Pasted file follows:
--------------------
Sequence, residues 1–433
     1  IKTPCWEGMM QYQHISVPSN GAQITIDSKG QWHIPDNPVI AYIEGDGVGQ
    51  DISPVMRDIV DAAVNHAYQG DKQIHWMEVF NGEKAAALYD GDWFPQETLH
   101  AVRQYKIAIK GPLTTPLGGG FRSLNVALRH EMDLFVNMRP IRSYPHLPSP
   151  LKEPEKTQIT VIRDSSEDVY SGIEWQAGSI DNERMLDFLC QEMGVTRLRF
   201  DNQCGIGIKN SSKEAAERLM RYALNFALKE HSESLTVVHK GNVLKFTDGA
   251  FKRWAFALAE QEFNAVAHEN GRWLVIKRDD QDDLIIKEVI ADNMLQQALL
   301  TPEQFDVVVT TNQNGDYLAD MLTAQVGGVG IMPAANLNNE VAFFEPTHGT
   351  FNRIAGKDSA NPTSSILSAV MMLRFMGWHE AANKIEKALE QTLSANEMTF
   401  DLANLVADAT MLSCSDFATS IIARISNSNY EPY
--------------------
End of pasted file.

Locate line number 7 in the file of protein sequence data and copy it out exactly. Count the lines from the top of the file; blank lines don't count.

   251  FKRWAFALAE QEFNAVAHEN GRWLVIKRDD QDDLIIKEVI ADNMLQQALL